With care and clarity, Luis Vivanco draws upon intensive fieldwork and meticulous research to produce a rich cultural analysis of the bicycle and the complex ways in which bicycling is made meaningful. Reconsidering the Bicycle not only carves new terrain for the study of bicycles as material culture, it effectively grapples with the socioeconomic, symbolic, personal, and political dimensions of bicycling in everyday life. Beyond its unique contribution to and expansion of existing work on urban cycling, Vivanco's engaging book demonstrates how and why anthropology and ethnographic inquiry should play central roles in the future of transportation research. Highly recommended."
-Zack Furness, author of One Less Car: Bicycling and the Politics of Automobility, Communications, Penn State University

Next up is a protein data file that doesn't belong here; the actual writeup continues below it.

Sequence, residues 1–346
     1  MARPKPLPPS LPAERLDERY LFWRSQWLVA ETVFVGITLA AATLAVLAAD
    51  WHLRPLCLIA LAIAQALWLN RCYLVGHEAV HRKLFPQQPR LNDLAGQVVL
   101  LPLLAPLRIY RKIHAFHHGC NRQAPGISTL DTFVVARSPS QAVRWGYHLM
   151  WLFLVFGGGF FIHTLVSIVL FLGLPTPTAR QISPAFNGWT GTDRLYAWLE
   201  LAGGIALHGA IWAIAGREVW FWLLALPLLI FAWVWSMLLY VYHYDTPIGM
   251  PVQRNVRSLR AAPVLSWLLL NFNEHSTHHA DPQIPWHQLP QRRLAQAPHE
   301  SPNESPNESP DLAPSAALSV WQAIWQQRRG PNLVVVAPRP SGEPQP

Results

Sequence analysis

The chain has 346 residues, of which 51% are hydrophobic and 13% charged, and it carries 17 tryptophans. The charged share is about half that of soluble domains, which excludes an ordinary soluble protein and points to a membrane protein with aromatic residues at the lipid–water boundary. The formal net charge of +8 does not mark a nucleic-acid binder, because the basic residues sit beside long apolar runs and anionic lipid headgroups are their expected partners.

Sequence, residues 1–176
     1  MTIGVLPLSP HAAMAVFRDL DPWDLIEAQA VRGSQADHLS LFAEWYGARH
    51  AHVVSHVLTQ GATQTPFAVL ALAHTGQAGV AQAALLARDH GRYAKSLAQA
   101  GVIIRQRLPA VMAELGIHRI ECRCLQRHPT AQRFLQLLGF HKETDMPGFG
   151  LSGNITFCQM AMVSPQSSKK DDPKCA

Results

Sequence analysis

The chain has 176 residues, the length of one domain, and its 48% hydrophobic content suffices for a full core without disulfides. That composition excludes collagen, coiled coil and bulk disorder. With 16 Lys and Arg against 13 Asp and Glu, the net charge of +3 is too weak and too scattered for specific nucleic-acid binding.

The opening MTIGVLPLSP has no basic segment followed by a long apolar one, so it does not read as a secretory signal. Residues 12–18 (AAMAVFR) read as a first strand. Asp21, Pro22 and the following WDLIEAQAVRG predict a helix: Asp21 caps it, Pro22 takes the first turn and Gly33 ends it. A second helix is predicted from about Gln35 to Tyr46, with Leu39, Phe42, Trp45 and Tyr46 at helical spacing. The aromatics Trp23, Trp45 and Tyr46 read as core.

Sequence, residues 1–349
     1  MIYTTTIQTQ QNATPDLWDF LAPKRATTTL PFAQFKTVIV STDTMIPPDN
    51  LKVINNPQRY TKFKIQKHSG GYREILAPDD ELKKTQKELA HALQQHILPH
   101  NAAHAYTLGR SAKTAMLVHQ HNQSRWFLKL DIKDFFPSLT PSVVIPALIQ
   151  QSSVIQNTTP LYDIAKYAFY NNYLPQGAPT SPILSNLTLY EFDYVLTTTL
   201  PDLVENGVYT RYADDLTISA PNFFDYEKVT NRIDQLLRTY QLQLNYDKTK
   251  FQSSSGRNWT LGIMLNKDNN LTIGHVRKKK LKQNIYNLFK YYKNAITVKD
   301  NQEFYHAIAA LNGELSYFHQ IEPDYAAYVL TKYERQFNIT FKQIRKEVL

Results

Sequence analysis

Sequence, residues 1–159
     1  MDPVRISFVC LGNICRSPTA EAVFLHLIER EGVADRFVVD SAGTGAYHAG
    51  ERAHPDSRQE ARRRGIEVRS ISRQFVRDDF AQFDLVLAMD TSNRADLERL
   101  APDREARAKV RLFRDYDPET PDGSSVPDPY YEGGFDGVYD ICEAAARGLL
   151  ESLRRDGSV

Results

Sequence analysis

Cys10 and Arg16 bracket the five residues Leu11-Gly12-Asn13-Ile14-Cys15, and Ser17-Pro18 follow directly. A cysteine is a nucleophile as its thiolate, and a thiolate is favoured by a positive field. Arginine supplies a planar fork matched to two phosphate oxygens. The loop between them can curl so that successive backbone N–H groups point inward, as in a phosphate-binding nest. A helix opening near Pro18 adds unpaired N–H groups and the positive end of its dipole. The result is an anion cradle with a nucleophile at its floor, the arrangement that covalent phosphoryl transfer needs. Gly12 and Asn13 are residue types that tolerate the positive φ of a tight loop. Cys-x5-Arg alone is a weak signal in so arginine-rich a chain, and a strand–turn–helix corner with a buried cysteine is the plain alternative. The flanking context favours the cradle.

Reconsidering the Bicycle gives an urgently needed critical context to the recent explosition of bicycle cultures in the United States and emphasizes the important distinction between passing cultural fads and the more durable social change brought about by bicycle mobility. To achieve this Vivanco traces the historical relationship between bicycles and mobility to illustrate a previously unrecognized continuity between contemporary social activists' concerns about community and the social history of automobiles, urban planning and issues of mobility in three cities; Amsterdam, Bogota and Burlingon, Vermont. The diversity of the locations are brought together by a complex analysis of the simple fact of people needing to find solidarity and confidence in their physical engagement with the place they live and spaces in which they move about.